Budget & Planning

Old Quarter and Where to Stay in Hanoi

From many guide books/blogs, I always read about the 36 Streets of Hanoi, which make up the Old Quarter. Every day, for eight days, we walked the Old Quarter, from east to west, north to south, and we almost did not walk on the same street ever. I was counting up to 36 streets, and I was ready to conclude that the guide books are lying. There are no 36 streets. The Old Quarter is a maze and there are a hundred streets!

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East side gate to the Old Quarter

Originally, when Hanoi was established as a city in 1010, there were 36 streets in the Old Quarter. The 36 streets were inhabited by guilds of different trades, and the names of the streets were named after what the guilds produce (e.g. Silver Street). Nowadays, there are more than 36 streets in the Old Quarter but the practice of merchants grouping themselves together has remained. As an example, you will find in a certain street stores selling paper and plastic packaging, one street selling snacks and biscuits, one street selling aluminum baking ware, one street selling lights and lightbulbs.

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Hanoi’s Old Quarter is probably unique in the world because of this. It is like a city within a city. There are many hotels — from budget to luxury, cafes and eateries — from the dirtiest to the poshest. There are all sorts of traders and artisans. There are dilapidated traditional tube houses, renovated tube houses such as the house at 87 Ma May Street, modern apartments. There are Vietnamese boutiques selling rip-off American brands, there are Korean wastelands (e.g. Yoyoso). There are clean shady lanes, there are dirty and wet lanes. There are foreigners, but mostly there are locals because there are still people who live within the Old Quarters. All throughout the day, but most especially from 7AM to 9AM when tour buses pick up tourists in their hotels for out-of-town activities, the small roads in the Old Quarter are chaotic and the traffic is heart-stopping.

Our favorite thing to do at the Old Quarter was walk and take photographs, lots of it. There are so many interesting photography subjects that we found ourselves snapping one photo with every breath you took. The architecture itself in the Old Quarter will tell you how long and stories Hanoi’s history is (1,008 to be exact). And the locals and their daily activities make you want to just sit at a corner cafe and sip coffee all day long. (OK, scratch that. Maybe you can alternate tea with coffee because sipping Vietnamese coffee all day long might give you a heart attack.). Aside from taking photographs, we also shopped (read my rough guide to shopping in Hanoi); ate street food (because literally our tables and chairs were on the street); drank coffee, of course, (special mention: is Giang Cafe for its uniquely Hanoian egg coffee); and traffic watch at Cong Ca Phe.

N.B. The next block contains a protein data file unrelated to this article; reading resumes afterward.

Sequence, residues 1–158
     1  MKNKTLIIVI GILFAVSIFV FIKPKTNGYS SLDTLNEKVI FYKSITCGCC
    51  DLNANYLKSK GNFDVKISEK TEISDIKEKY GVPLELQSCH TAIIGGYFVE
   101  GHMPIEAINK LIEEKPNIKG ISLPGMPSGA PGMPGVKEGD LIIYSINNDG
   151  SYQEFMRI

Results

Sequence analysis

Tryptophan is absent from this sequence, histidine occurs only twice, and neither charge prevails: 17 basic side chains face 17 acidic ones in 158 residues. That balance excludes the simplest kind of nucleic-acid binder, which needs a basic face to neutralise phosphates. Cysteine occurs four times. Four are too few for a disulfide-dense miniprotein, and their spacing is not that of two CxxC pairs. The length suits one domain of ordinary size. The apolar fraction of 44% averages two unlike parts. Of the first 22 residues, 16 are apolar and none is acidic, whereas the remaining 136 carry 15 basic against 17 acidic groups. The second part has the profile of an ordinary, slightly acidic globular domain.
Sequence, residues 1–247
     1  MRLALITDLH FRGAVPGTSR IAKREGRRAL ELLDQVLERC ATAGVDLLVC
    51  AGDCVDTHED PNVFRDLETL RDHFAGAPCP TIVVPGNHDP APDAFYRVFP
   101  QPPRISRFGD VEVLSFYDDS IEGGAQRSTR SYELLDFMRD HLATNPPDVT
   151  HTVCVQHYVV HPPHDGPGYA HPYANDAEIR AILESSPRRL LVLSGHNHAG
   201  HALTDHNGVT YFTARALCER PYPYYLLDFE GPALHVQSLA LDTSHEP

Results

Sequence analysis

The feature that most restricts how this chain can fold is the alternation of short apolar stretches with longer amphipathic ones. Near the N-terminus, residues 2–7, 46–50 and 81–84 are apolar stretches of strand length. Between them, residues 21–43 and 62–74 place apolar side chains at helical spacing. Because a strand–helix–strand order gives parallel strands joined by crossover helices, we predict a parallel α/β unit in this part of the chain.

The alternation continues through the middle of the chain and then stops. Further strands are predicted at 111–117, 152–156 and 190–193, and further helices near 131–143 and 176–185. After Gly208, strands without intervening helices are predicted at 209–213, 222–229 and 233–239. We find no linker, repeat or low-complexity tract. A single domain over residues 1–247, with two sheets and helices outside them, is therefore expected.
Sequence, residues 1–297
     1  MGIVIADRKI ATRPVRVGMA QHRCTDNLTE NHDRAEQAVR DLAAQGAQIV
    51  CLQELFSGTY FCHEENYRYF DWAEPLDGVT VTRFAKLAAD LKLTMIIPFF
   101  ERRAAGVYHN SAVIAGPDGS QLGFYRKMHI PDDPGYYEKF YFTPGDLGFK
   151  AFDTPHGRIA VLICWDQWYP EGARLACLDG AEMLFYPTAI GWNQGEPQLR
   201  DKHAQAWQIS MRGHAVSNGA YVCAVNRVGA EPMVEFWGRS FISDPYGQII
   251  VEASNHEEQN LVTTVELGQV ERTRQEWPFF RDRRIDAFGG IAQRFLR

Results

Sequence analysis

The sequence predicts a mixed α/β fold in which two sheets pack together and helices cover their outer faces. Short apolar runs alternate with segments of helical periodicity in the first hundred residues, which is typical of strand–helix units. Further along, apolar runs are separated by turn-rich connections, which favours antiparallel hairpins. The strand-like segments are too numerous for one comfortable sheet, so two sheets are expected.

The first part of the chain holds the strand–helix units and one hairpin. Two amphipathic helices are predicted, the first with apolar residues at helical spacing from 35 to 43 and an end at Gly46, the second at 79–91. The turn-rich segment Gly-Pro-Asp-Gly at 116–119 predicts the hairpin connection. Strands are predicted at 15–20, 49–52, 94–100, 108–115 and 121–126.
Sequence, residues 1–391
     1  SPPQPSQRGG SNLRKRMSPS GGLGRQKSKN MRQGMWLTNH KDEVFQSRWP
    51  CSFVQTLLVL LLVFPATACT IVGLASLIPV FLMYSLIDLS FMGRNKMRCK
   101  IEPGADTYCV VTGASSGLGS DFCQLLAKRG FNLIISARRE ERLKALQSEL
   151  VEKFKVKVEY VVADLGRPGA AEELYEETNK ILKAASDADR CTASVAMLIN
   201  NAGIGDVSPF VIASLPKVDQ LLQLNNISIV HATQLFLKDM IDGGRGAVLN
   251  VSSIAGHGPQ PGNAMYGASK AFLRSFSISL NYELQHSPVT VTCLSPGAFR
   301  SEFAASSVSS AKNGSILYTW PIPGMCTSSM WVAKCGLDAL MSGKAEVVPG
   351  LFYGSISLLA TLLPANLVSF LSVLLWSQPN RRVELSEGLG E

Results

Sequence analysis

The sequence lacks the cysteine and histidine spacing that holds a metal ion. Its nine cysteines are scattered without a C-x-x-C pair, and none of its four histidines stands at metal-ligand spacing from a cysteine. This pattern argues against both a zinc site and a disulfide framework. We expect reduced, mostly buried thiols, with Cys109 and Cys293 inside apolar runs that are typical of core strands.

After eight days, I still felt I have not explored all of the Old Quarter. I found this part of Hanoi exciting and intoxicating. Only in Hanoi!


Where to Stay in Hanoi

We stayed outside of the Old Quarter. But not just outside the Old Quarter. It was at a narrow lane called Nguyen Tu Gian in Phuc Tan, outside of the Old Quarter on the side of the old East Gate. We booked the room through AirBnB and if you have not signed up yet, you can use my link to get $30 in travel credit.

The house is a five-story house called The Cartoon House that I think used to be a kindergarten school. The AirBnB listing says it is in the Old Quarter, which is the reason why I booked it but it wasn’t. I initially thought that was a bummer but this located proved to be better than at the Old Quarter This was where we experienced a taste of Hanoian life — with a street market just in front of the apartment and lots of small shops that sell everything you need for daily living. We especially loved the street market because we were able to cook and the small bakery selling banh mi (just the bread) for 10,000VND for 3 pieces.

The location was also great for commuting because outside of the gate that encloses the residential area was a bus station, so we used the bus to get to many destinations in Hanoi, like the Vietnamese National Museum of History at the French Quarter and the Temple of Literature. Our residential area and the Old Quarter was also connected by a foot bridge, making it easy and safe for us.

Best of all, there were people around us. And, I have mentioned this at my post about our trip to Ha Long Bay, that Vietnamese people are like no other. We enjoyed interacting with our neighbors even if all we can muster is a smile and xin chiao, and we enjoyed watching our neighbors interact with each other. We were living like a local in Hanoi. It was true Hanoian life!


Photos by Joel Lopez.

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